February 25th – Arrive at A.T.U.  Show auto mechanic four extra tires in back of car: two winter, two summer.  Four summer tires on car are shot; need to know if four tires in back are usable.  All are.  Bad sitch though – summer tire rims are size 16.  Winter tire rims are size 15.  Agh!  Mismatched due to flat tire in Spain (long story).  Ask to swap out old bare tires with two usable winter tires in trunk and buy only 2 new winter tires. Wait two hours instead of three.  Chat with nice sales rep.  Meet his dad visiting from Turkey.  Enjoy cup of coffee he offers.  Pay €350 instead of original estimate of €597.  Leave, elated.

February 26th, 10 am – Return to TÜV NORD.  Talk to helpful German gal with charming Scottish accent.  Request to have car re-inspected.  No appt.  Wait 20 minutes.  Car passes re-inspection.  Pay €13.  Jump for joy!

One step closer to registering non-EU car in Germany.

At TUV office registering car in Germany
TÜV NORD office is completely empty during my visit – no appt required.

February 29th, 8:30 am – Arrive at Rathaus.  Two goals.  #1. Update address at office of Einwohnerangelegenheiten (Resident Affairs).  #2. Register car at office of Kfz-Zulassungsstelle (German “DMV”).  At Einwohnerangelegenheiten, take ticket.  Wait 5 minutes, meet with employee.  State goal #1.  Hand over form signed by landlord.  Wait 5 minutes.  Leave with correct address on German visas.  Goal #1 complete!

February 29th, 8:45 am – Goal #2.  At Kfz-Zulassungsstelle, take ticket, wait 15 minutes, meet with nice employee.  Listen carefully, understand zero words in German.  Hand over TÜV report. Not enough.  Hand over US passports, Swiss driver’s license, current car registration in French. Wait in suspense.  Receive sticky note with new German license number written on it and HESS card.  Proceed to Kassenautomat (Pay Station) and pay €56 for registration.  Exit Rathaus, cross street.  Descend to questionable basement Autoschilde shop for license plates.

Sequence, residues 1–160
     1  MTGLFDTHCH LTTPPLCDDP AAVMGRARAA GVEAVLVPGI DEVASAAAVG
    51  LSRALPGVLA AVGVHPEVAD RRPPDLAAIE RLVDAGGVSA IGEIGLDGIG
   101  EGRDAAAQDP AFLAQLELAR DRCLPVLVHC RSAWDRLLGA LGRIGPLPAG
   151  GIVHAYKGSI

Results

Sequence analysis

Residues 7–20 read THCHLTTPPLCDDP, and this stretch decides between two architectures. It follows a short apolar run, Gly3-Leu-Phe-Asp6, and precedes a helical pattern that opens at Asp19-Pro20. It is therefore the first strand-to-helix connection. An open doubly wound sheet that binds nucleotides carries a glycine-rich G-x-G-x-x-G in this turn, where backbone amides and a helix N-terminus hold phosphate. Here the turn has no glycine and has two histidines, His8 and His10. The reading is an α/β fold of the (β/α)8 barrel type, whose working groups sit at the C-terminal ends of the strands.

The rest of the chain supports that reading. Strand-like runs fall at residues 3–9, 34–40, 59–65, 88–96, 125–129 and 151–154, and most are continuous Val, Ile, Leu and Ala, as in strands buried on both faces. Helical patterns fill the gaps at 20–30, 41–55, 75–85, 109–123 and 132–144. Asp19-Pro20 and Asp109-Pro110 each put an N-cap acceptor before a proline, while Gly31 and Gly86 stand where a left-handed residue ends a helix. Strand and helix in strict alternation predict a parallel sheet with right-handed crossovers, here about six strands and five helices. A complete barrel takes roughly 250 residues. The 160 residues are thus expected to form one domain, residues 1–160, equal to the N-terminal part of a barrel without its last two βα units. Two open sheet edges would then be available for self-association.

Meet Helmut.  Hand him sticky note with plate number.  Watch in awe as he makes our plates.  Receive two shiny new license plates.  How to attach?  Helmut to the rescue!  Pull car across street to Autoschilde shop.  Helmut removes Swiss plates with tools.

Registering a non-EU car in Germany
The Autoschilde shop across from the Rathaus has all the tools needed to swap our Swiss plates for German ones.

Return to Kfz-Zulassungsstelle with German and Swiss plates.  Take ticket, wait.  Meet with nice employee.  Show receipt for €56 for German plates, hand over German and Swiss plates, receive back German plates only.

We surrender our old Swiss plates in exchange for new German ones.

German plates now have two pretty round stickers.  Receive official letter to send Swiss “DMV” proving VW now registered in Germany.  Return to Autoschilde shop across street.  Give plates back to Helmut, who has bolted new, larger holders to our car during our absence.  Watch as he pops in new license plates.  Talk horses for a spell – he’s buying two Franches-Montagnes from Switzerland.  Also has Quarter Horses!  Thank Helmut.  Pay €22 for license plates.  Drive away in street-legal, German-registered VW.

February 29th, 3 pm – Tally up cost of registering non-Eu car in Germany.

  • TÜV regular inspection (Hauptuntersuchung mit einer Abgasuntersuchung , Dieselmotor) – €98.90
  • TÜV import inspection (Datenerstellung für die Zulassungsbescheinigung aus COC/Typgenehmigung) – €78.85
  • Appt at A.T.U. to complete all repairs required by TÜV – €350
  • TÜV follow up inspection to ensure repairs completed – €13
  • Kfz-Zulassungsstelle (German DMV) fees to register car – €56
  • Autoschilde shop fee for license plates – €22

Grand Total: €618.75

March 1st – Buy Costco-size bottle of rum.  Drink bottle of rum.  Now cannot drive.

Take a minute to PIN it!

Notify of

This site uses Akismet to reduce spam. Learn how your comment data is processed.

Oldest Most Voted
Inline Feedbacks
View all comments
Don't forget to leave a comment!x